Former garda before Smithwick inquiry


A former detective sergeant based in Dundalk failed to warn a businessman that his life was in danger from the IRA.

Former detective sergeant Owen Corrigan this morning denied the reason he did not warn businessman John McAnulty, was because Mr McAnulty had told the RUC that Mr Corrigan was passing information to the IRA.

Mr McAnualty was kidnapped from a public house on the Border at Dromad, Co Louth in the early hours of July 17th, 1989. He was shot dead and his body was found dumped on a roadside the following day.

Giving evidence to the Smithwick Tribuinal this morning Mr Corrigan said he had been made aware in advance of the kidnapping that Mr McAnulty had complicated business dealings involving the IRA, and that the IRA were looking for him.

Mr Corrigan said that had understood Mr McAnulty had sought the assistance of the IRA is scaring off a midlands-based grain supplier who was seeking payment for a lorry load of grain. Mr Corrigan said the IRA had subsequently become aware that Mr McAnulty had been interviewed by the RUC in relation to grain smuggling, but had been released without charge. The IRA had been anxious to find out why the RUC had released Mr McAnulty with out charge.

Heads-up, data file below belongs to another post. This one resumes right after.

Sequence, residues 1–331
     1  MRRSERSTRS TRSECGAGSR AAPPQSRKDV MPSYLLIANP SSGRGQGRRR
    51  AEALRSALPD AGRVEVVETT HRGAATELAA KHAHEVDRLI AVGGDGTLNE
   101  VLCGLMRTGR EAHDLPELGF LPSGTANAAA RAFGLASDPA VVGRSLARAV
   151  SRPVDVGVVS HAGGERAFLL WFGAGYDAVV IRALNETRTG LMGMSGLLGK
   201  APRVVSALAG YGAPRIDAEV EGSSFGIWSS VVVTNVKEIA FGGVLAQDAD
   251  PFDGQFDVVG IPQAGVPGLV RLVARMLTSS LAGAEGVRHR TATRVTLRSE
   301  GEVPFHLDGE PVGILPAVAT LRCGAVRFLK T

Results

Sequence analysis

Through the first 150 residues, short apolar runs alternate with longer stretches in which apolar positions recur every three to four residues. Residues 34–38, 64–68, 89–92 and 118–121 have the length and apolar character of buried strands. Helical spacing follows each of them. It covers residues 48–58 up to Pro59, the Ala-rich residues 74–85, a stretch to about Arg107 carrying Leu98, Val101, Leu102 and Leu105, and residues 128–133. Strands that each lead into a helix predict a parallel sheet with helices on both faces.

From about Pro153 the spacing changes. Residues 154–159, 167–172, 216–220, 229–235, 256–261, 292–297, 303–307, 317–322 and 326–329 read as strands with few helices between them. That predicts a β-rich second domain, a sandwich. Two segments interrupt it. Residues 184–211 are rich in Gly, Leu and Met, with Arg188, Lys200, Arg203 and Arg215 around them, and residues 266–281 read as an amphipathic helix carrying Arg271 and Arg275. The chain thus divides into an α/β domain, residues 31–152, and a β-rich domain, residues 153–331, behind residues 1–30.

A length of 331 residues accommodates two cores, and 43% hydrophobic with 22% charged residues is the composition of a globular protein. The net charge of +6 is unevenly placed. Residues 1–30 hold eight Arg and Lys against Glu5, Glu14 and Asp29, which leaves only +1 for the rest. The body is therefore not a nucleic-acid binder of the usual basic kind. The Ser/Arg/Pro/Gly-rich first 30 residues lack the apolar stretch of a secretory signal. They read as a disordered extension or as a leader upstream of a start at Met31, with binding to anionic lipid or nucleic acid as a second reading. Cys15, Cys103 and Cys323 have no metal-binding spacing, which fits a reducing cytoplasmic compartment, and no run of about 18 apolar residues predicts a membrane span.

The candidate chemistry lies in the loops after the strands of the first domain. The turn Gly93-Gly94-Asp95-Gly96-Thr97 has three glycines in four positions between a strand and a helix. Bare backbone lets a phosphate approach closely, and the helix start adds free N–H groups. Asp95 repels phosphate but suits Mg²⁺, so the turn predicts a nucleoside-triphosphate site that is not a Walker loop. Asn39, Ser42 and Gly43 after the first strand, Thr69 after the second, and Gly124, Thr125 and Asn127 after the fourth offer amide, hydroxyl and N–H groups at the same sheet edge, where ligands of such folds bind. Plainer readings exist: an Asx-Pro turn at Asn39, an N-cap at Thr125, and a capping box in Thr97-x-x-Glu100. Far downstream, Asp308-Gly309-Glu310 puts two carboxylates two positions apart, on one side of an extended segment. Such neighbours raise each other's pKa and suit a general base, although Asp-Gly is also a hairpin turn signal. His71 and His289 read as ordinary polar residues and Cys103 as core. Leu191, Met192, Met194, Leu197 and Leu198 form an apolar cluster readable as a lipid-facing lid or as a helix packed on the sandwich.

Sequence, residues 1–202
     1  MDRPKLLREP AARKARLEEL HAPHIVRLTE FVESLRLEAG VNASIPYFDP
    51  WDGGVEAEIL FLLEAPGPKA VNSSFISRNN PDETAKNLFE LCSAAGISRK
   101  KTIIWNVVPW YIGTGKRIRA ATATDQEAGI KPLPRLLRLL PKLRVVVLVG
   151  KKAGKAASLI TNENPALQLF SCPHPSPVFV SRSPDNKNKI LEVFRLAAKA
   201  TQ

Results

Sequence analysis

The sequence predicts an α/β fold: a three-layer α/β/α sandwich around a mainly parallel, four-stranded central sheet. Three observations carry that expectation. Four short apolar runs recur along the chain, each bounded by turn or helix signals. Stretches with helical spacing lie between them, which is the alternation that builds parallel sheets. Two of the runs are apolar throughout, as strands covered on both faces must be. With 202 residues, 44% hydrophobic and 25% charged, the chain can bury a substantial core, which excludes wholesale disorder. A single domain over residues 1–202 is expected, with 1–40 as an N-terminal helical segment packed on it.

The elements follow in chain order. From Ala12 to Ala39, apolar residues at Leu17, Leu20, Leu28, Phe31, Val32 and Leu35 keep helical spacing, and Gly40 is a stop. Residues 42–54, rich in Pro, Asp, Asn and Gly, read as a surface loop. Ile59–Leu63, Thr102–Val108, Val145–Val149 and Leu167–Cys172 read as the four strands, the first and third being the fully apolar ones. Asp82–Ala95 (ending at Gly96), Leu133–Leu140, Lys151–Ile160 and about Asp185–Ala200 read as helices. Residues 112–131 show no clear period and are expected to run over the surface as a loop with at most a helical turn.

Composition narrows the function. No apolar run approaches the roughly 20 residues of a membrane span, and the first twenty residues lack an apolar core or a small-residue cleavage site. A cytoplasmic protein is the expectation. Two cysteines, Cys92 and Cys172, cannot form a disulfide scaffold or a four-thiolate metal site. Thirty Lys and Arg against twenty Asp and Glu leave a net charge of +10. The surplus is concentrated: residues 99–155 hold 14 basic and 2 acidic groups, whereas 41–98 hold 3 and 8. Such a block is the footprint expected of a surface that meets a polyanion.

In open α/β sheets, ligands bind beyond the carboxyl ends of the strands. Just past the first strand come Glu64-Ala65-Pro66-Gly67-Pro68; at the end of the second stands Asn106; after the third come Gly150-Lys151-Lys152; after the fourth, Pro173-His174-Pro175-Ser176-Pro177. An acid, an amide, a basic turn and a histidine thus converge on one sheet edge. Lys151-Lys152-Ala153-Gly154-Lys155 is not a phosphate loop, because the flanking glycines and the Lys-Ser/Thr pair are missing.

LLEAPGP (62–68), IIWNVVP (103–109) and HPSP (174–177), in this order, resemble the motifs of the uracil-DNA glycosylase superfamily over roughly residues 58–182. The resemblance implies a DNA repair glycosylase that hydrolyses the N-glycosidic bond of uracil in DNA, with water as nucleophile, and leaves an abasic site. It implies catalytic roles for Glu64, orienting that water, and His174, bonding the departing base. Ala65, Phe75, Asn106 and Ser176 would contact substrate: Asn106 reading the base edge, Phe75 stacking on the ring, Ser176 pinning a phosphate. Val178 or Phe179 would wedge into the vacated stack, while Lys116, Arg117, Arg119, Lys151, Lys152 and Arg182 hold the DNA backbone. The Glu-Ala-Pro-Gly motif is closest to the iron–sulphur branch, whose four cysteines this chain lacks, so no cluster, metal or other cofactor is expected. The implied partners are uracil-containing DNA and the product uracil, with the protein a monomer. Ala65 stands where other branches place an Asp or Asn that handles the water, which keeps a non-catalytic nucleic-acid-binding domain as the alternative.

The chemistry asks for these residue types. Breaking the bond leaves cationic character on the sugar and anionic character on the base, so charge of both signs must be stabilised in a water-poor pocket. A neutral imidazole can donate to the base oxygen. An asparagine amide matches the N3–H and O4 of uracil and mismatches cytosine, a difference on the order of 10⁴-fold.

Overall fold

Mr Corrigan told Judge Peter Smithwick he was aware of this threat against Mr McAnulty and “feared the worst”.

“That was the tone of the message I feared he was going to be executed” he said.

Asked by counsel for the tribunal Justin Dillon SC if he had warned Mr McAnulty of the threat, Mr Corrigan said he had not done so. Asked why he had not done so, he replied: "I don’t know why."

Asked if it was because Mr McAnulty had named him as a member of Dundalk Garda who was passing information to the IRA, Mr Corrigan said Mr McAnulty had said as much to the RUC, but a senior RUC officer had dismissed it as “tittle tattle”, “gossip”, or “bar talk”.

Mr Dillon produced an RUC intelligence document known as an SB50 and said the RUC had thought enough of the information provided by MrMcAnulty to put it into their intelligence system.

“It was very damaging to you wasn’t it” Mr Dillon asked. “What is written on that page is hugely damaging to you. It says effectively that you were an IRA informer…extremely damaging for a policeman”

Mr Corrigan replied that many witnesses to the tribunal at assistant commissioner level and higher had come to give evidence and none had made those allegations against him. He said there were cross border meetings on security at very regular intervals and “my name was never mentioned in that context”.

Jim O’Callaghan SC for Mr Corrigan objected to Mr Dillon’s questions. He said Mr Dillon was trying to link the SB50 with Mr McAnulty’s murder but this was erroneous. He said that at the time of Mr McAnulty’s kidnapping Mr Corrigan would not have known of the existence of the SB50.